While CD-RW drive sales are soaring and DVD-ROM drives continue to struggle for widespread consumer acceptance, drive manufacturers are pinning their hopes on the CD-RW/DVD-ROM combination drive to boost DVD-ROM's acceptance.
The combination drive now being shipped by Toshiba is just the first in what promises to be a flood of such hybrid drives, said industry watchers. DVD-ROM drive sales and software development have languished because consumers are not willing to purchase DVD-ROM drives until software is available, and software publishers will not spend money developing titles until there is a large installed base of DVD-ROM drives.
Regarding the combi-drives, TEAC's marketing and product development manager Scott Elrich said, "This is definitely going to be a trend. Rewritable is hot right now, and the consumer is ready for it. Everything was headed for DVD-ROM, but once rewritable popped up PC vendors were stuck in a dilemma over which option to offer. So about one year ago the storage vendors saw a hybrid drive was needed."
PC Data, based in Reston, Va., reported that for the first half of 1999 CD-RW drive dollar sales increased 123% compared to the same period last year, with almost 356,000 units shipped. In addition, the drives' average selling price has dropped to $277 from $419 during this period.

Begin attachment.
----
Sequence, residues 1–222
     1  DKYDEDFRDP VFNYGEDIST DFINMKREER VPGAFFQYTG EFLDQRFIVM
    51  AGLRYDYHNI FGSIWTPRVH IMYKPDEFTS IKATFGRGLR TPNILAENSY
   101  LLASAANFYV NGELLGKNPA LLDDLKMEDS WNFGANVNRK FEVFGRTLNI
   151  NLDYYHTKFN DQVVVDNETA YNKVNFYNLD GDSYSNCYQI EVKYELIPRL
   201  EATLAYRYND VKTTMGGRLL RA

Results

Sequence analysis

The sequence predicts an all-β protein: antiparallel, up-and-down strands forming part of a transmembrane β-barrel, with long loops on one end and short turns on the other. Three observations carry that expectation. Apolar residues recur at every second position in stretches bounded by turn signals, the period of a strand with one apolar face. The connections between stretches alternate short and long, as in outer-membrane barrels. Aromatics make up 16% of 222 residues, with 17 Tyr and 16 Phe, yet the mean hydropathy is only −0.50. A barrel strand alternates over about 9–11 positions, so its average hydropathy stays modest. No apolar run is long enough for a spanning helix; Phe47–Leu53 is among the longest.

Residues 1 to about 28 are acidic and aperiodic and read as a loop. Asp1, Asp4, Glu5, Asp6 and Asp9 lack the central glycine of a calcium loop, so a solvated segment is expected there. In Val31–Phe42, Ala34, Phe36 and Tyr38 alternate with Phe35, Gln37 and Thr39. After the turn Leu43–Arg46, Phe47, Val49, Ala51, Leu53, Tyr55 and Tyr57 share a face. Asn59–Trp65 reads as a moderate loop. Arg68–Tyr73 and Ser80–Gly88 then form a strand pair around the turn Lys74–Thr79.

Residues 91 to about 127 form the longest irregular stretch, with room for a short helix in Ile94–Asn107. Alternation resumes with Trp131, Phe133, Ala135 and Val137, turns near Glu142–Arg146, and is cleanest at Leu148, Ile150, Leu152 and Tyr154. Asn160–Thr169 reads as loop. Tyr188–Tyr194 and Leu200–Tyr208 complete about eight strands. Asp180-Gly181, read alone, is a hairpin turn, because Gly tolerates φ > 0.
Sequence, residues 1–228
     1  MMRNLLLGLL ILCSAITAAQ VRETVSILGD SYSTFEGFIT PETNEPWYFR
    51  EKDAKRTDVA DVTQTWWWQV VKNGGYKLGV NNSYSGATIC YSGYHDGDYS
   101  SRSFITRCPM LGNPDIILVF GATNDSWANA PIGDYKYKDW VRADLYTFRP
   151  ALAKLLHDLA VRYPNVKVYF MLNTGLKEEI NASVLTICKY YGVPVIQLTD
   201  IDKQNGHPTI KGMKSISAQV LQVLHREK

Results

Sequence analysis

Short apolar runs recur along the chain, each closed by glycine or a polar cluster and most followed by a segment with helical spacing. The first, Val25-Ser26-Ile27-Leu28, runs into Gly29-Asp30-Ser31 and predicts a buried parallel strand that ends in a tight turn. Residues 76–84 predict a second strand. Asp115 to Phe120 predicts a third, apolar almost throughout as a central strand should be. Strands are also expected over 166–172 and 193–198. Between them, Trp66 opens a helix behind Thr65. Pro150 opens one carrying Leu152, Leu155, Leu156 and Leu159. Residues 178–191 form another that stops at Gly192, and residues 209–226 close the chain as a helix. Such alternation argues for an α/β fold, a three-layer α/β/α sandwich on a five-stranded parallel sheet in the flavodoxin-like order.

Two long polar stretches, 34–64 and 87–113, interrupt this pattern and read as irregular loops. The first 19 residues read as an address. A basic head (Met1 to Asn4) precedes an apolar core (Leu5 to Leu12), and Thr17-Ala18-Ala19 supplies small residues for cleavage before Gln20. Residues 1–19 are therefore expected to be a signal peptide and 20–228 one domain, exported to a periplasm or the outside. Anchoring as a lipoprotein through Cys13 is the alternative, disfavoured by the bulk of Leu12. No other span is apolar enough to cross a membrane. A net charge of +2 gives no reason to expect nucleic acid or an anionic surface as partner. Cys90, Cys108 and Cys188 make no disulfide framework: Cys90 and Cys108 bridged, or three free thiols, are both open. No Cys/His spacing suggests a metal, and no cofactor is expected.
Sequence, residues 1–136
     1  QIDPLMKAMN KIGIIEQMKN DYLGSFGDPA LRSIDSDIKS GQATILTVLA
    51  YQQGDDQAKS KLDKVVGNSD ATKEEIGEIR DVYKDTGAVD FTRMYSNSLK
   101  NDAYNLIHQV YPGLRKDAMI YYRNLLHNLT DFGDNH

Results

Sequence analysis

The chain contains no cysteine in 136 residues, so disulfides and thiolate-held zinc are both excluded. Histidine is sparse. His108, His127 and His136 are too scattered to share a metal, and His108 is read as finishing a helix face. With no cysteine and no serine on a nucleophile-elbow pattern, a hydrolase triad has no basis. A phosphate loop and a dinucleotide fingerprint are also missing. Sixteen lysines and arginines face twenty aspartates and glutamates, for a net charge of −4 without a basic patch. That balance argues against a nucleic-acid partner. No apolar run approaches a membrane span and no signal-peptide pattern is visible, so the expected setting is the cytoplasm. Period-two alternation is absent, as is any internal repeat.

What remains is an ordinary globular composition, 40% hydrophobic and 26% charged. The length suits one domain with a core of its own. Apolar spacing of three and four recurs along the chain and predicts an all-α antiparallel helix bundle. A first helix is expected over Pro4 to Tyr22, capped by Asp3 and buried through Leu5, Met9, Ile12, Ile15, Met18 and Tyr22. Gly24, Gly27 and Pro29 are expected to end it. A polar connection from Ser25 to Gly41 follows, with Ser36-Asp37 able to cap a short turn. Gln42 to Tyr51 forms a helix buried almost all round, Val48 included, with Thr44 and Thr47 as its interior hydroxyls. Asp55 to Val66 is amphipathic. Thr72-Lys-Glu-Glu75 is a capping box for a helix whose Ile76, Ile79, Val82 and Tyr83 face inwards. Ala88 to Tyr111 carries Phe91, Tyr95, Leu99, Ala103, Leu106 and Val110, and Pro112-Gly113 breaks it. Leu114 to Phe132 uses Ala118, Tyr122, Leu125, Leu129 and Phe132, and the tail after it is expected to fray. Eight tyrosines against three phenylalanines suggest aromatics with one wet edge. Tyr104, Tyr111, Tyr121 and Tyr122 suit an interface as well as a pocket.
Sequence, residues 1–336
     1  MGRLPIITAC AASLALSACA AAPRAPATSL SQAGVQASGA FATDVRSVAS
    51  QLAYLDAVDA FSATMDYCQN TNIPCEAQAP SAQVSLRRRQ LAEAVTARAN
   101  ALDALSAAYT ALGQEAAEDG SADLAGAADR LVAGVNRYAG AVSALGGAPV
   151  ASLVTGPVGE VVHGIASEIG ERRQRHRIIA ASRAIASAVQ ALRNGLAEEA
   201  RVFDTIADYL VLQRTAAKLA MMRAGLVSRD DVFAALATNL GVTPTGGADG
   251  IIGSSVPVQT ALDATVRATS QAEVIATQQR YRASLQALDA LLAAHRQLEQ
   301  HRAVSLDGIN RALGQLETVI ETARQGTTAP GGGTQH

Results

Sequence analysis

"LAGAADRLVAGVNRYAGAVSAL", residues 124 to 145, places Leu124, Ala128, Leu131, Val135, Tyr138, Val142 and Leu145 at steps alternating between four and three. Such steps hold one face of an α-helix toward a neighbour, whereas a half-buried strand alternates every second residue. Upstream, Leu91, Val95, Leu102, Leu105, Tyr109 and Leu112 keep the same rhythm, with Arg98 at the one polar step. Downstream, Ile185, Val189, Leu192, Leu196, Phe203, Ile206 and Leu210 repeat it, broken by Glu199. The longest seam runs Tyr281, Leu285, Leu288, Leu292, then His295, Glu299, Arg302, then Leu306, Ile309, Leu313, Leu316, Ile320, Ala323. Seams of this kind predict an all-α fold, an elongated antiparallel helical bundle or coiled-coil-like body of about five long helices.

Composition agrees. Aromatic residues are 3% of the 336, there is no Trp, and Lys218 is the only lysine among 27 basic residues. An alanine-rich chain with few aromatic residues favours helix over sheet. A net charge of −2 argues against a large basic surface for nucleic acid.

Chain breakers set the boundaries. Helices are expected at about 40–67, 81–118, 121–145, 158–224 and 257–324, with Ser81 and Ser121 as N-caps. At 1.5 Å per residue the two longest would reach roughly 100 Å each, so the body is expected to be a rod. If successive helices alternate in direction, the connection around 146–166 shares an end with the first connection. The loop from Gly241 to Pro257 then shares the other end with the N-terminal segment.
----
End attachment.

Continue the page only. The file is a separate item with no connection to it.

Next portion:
DVD-ROM drive sales, while considerably smaller, are also growing quickly. According to PC Data, dollar sales jumped 97% in the first half of 1999, while unit sales rose 175%. The average selling price has dropped to $213 from $298.
"DVD-ROM is the future, and this will also help solve the DVD software problem," said Cathy Longfellow, Toshiba's senior product manager for optical products. She has been encouraged by DVD-ROM software developments, but added a killer application is still not on the horizon.
David Deane, Hewlett-Packard's strategic business director, said in June that "there is no compelling DVD software available. We still expect a killer DVD application to come, but when it will happen we just don't know."
Toshiba will start shipping next month its SD-R1002 drive to distribution, VARs and resellers, and the company expects OEMs to start including the drives in PCs in the first half of 2000. The OEM price will be less than the cost of installing separate CD-RW and DVD-ROM drives, but Longfellow could not be more specific, although she did note that the SD-R1002 places Toshiba in the very hot CD-RW market for the first time.
Elrich said the combination drive's price will decide how successful the product is with OEMs. OEMs now deal with severe cost restrictions in order to produce sub-$500 PCs, he said, so if the new drives are too costly the OEMs may bypass them in favor of 32x CD-ROM drives that cost just $30.
Neither Elrich nor Longfellow thought the combination drives would have a negative impact on DVD-ROM's eventual mass adoption.
"These drives are a bridge product," said Longfellow. "They offer the benefit of using cheap CD-R and RW media and the data capacity in DVD. But DVD-ROM is the future."